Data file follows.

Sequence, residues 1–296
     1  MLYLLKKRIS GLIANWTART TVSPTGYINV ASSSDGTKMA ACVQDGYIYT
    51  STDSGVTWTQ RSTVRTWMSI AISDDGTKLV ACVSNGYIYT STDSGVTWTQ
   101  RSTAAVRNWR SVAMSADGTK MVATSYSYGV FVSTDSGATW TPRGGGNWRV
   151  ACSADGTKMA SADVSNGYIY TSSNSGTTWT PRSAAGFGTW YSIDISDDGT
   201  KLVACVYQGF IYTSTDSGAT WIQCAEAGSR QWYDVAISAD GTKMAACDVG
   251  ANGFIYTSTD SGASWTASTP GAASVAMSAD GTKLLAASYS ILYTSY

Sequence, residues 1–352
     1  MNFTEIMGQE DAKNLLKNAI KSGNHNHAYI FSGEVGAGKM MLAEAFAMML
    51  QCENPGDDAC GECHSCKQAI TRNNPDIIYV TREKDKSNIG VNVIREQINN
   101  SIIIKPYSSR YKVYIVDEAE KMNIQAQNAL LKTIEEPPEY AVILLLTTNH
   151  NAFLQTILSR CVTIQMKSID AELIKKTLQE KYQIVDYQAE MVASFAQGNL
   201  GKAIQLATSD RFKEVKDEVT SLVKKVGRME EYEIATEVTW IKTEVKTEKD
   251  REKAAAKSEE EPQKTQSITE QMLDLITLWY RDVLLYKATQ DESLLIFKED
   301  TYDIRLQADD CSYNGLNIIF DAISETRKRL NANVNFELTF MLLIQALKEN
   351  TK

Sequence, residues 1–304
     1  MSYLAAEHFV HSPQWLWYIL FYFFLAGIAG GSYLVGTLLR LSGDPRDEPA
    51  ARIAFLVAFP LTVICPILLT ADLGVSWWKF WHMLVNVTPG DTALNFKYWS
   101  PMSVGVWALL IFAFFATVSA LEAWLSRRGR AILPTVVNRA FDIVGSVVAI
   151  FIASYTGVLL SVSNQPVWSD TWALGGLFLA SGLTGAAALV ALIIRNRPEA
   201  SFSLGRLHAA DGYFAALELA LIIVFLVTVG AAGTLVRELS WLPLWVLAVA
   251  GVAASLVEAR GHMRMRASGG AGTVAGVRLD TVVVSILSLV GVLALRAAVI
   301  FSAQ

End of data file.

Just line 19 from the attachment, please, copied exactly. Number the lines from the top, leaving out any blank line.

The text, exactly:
    51  ARIAFLVAFP LTVICPILLT ADLGVSWWKF WHMLVNVTPG DTALNFKYWS